Hearts of Christmas (2016)

For a movie about hearts, this one left me pretty cold. What starts off as a moving story about dedicated neonatal intensive care nurses devolves into a bland romance that neither feels true to life nor takes advantage of the many touching stories that come out of a real NICU. Instead, Hearts of Christmas is just another cookie cutter Christmas film coming off the Hallmark belt, which is a shame because this story has a lot of potential.

Emilie Ullerup plays Jenny, a nurse who’s in charge of this year’s staff Christmas party. When she seeks a routine budget approval for their shindig, however, the new CFO informs her that there’s no money for this or anything else that might go towards celebrating the nurses’ hard work for the year. In fact, he even has to lay off some people, and no, he will not wait until after the holidays. One of the first casualties of these new cost-cutting measures is Jenny’s mentor, Alice (Sharon Lawrence), who’s forced to take early retirement.

Things are looking somber until Jenny starts hanging out with CFO Matt (Kristoffer Polaha) and realizes he may not be the big bad budget slashing wolf after all. He helps his case by being handsome and charming and appearing out of nowhere whenever she needs a favor. His sister (Kimberley Sustad) is nice too, so surely he has some redeemable qualities. The other nurses aren’t so sure about this romance though, and with good reason because the guy said that he only cares about the raw numbers and data and a NICU nurse’s job is about a lot more than that.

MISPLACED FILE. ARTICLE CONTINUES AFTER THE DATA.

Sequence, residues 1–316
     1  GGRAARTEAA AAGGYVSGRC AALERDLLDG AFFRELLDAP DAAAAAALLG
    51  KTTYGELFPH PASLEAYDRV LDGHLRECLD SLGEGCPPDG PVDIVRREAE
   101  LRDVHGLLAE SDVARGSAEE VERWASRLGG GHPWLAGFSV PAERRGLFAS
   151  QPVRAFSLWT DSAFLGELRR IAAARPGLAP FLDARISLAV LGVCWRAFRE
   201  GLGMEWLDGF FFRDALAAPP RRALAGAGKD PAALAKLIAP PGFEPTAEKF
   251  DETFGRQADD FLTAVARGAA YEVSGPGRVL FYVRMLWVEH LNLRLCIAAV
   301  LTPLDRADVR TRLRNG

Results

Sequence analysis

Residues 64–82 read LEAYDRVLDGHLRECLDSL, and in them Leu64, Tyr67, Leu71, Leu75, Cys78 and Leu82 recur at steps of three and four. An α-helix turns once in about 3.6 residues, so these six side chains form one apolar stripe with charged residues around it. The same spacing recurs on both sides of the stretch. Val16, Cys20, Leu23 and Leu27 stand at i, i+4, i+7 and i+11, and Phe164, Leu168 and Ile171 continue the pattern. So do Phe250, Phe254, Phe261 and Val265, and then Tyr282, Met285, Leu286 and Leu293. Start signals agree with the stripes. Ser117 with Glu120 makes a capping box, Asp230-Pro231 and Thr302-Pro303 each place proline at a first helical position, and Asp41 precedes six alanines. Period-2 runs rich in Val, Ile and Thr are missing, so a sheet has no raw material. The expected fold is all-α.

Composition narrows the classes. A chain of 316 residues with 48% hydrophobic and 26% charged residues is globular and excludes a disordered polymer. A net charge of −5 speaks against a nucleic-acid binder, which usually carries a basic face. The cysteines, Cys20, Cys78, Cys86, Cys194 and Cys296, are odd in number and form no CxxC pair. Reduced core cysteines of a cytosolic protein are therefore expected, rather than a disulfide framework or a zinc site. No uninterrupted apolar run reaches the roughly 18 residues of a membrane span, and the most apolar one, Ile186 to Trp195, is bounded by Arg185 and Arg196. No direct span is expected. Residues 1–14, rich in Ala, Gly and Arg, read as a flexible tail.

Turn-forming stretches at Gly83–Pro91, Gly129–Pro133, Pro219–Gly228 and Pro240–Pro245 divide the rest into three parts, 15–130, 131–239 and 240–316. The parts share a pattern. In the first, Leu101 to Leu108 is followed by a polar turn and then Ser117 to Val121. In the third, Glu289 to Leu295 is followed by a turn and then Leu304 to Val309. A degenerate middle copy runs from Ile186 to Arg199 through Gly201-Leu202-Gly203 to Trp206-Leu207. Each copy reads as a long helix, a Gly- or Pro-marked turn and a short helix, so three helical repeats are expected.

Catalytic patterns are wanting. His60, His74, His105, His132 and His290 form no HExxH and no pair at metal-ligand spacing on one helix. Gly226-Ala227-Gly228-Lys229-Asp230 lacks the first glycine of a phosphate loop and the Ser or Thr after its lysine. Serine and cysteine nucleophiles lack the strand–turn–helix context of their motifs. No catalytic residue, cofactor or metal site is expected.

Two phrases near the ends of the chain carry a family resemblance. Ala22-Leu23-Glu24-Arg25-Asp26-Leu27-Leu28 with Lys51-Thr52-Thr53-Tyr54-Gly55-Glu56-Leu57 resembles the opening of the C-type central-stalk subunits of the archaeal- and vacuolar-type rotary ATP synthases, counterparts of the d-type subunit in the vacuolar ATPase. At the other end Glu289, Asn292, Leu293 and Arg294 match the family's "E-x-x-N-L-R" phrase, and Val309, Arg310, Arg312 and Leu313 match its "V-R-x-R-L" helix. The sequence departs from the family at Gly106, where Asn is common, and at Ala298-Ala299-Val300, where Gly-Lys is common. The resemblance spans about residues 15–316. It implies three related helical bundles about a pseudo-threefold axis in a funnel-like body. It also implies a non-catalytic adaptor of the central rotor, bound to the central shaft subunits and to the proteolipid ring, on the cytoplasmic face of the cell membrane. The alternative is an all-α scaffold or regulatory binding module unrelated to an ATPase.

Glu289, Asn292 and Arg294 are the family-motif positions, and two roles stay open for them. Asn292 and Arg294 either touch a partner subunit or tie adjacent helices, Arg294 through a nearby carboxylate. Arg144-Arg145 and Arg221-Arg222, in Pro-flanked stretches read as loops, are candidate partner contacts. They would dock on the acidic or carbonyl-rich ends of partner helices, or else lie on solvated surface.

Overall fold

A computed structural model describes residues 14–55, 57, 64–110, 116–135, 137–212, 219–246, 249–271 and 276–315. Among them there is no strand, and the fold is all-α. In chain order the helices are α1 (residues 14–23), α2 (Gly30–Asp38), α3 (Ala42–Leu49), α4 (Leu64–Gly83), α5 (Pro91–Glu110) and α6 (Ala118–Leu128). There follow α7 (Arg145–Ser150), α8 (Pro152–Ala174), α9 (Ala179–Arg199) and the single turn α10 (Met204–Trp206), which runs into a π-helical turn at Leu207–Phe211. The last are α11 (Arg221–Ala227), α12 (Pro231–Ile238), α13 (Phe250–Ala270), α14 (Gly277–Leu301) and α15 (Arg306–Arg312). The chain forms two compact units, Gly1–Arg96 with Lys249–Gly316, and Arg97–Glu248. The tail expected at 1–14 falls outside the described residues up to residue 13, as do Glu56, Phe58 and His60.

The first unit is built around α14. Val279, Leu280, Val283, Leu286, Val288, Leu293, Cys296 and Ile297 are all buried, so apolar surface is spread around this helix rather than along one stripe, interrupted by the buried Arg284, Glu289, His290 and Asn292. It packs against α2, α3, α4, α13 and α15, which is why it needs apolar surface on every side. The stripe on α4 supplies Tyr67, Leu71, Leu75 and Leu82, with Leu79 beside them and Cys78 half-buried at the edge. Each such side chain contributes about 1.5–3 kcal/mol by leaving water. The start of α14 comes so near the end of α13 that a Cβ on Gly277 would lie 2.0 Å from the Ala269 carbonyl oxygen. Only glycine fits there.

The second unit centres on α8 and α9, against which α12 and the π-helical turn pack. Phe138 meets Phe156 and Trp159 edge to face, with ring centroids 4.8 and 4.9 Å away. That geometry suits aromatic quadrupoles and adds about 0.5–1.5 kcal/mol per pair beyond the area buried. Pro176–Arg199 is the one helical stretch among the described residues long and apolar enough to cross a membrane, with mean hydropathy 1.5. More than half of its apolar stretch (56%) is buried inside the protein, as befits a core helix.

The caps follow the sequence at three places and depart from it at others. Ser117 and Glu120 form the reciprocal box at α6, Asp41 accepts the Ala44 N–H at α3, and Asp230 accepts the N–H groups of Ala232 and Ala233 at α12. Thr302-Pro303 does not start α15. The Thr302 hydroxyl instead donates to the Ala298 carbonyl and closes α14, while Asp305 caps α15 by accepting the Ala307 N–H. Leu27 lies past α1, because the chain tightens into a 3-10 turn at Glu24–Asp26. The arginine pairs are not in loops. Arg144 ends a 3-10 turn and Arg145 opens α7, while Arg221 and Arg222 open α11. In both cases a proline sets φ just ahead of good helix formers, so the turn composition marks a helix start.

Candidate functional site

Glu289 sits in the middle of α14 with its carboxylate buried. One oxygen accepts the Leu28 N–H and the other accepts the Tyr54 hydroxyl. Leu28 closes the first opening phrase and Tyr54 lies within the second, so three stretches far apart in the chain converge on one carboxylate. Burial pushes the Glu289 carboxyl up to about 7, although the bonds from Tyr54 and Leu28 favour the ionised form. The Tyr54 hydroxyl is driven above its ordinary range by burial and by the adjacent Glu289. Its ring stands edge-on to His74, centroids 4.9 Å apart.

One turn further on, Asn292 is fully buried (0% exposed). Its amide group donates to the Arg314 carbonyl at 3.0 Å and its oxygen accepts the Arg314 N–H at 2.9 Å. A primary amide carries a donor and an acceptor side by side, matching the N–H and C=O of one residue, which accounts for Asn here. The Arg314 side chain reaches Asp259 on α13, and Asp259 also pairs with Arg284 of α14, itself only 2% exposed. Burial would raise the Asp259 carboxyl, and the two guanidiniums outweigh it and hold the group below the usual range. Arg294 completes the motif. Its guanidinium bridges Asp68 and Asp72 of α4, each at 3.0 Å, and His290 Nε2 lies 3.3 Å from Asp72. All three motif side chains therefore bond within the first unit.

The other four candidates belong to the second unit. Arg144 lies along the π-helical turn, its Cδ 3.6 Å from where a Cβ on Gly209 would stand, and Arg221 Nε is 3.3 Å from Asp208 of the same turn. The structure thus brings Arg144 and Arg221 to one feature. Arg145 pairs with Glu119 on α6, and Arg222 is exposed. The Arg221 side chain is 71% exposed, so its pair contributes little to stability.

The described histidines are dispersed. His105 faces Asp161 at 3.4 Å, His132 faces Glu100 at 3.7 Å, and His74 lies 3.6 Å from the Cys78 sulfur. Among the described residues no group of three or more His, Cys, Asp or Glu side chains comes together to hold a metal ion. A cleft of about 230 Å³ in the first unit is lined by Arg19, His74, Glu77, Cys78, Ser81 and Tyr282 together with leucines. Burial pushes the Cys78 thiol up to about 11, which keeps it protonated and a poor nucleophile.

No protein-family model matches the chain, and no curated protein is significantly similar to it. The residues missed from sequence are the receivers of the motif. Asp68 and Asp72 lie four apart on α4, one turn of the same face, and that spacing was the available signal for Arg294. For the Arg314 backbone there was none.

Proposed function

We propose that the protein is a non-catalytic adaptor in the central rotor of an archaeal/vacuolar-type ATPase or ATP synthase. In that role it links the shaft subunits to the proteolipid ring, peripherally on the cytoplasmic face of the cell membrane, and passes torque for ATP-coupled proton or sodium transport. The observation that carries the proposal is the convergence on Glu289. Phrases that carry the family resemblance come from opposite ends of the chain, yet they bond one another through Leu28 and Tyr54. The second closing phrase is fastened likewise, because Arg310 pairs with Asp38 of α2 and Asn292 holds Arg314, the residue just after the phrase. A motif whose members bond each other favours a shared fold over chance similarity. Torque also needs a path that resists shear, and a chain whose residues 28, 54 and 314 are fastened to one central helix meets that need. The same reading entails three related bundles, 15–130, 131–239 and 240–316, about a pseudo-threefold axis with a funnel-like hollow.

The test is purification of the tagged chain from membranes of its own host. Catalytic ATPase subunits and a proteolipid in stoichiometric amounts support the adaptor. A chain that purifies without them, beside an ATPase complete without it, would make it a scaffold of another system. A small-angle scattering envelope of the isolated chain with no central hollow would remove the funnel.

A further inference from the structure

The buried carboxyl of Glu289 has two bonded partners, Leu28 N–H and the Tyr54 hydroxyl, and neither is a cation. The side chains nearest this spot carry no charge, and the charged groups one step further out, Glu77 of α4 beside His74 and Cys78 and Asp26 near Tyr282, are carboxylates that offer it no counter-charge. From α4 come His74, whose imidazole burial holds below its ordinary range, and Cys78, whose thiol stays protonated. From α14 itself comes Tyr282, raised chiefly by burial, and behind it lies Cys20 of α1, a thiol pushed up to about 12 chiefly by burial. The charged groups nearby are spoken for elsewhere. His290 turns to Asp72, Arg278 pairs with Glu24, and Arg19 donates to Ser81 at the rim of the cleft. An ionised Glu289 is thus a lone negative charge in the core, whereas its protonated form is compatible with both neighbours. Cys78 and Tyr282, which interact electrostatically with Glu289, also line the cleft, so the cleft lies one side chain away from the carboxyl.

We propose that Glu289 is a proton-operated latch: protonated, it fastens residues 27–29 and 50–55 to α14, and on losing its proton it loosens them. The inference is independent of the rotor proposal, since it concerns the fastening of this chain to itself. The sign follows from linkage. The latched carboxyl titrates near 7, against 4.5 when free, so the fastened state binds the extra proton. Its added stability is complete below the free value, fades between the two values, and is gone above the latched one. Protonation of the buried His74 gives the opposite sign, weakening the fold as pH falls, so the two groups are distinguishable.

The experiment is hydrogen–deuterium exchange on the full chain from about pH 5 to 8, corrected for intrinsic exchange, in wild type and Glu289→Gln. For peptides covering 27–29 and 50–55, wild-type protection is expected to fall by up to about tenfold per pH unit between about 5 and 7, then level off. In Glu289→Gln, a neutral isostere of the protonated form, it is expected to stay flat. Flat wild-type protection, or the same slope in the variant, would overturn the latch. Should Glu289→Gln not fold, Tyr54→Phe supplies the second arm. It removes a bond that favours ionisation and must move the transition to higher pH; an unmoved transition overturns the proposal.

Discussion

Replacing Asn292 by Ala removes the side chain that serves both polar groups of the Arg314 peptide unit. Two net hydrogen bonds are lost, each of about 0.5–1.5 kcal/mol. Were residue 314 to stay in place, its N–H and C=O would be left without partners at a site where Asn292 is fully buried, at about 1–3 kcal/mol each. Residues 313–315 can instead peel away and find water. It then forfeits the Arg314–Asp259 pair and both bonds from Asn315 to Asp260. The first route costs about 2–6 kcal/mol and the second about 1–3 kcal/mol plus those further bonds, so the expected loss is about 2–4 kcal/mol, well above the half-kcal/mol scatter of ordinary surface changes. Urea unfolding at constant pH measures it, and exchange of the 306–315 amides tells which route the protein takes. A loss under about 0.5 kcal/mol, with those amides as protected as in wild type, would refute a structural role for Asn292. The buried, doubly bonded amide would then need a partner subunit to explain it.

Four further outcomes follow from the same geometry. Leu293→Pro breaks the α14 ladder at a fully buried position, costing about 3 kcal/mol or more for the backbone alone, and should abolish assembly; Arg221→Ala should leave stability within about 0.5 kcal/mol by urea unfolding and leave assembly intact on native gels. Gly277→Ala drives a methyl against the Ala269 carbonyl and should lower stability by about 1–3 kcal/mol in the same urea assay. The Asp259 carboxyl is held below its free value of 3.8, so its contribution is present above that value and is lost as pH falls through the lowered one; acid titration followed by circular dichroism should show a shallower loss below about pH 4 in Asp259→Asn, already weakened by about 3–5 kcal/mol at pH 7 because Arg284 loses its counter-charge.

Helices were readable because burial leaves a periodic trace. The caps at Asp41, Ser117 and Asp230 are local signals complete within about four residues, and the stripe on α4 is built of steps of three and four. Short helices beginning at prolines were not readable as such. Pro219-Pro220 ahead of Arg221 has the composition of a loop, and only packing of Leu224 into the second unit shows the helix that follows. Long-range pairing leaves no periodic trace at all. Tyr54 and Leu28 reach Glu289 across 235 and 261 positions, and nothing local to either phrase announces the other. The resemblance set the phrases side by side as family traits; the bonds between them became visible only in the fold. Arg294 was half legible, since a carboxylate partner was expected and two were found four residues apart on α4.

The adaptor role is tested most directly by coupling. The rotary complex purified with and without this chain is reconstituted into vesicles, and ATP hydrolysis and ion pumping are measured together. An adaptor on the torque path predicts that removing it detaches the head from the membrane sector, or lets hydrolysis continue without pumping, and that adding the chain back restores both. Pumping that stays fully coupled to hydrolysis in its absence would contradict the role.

I get that people expect certain things out of a Hallmark movie, but the feel-good channel does itself no favors when it doesn’t generate any feels. Hearts of Christmas had every opportunity to squeeze some drama out of its script. The hospital’s financial state, the administrative changes, and the fear of job cuts are concerns that viewers can easily relate to and sympathize with, and that’s without factoring in the emotions of working in a NICU or being the parent of a child there.

None of the characters makes any deep impression though. Jenny is all too happy to dismiss the upheaval at the hospital once she starts to develop feelings for Matt. That’s not to say she doesn’t care, but the fact that I feel more concerned about the emotional well-being of her colleagues makes me less inclined to see her through her storyline. I did like Lawrence’s performance and felt bad for Alice, who somehow kept it together despite being unceremoniously kicked out of a job that had become her vocation. She’s a steely character, someone who can take things as they are, who is as measured in her response to good news as she is to bad because she knows that life is full of both. If the movie had just focused on her, it would have been much more memorable.

Released: 2016
Dir: Monika Mitchell
Writer: J.B. White
Cast: Emilie Ullerup, Kristoffer Polaha, Sharon Lawrence, Crystal Lowe, Nicholas Carella, Rachel Hayward, Bruce Dawson, Kimberley Sustad
Time: 83 min
Lang: English
Country: United States
Network: Hallmark Movies and Mysteries
Reviewed: 2017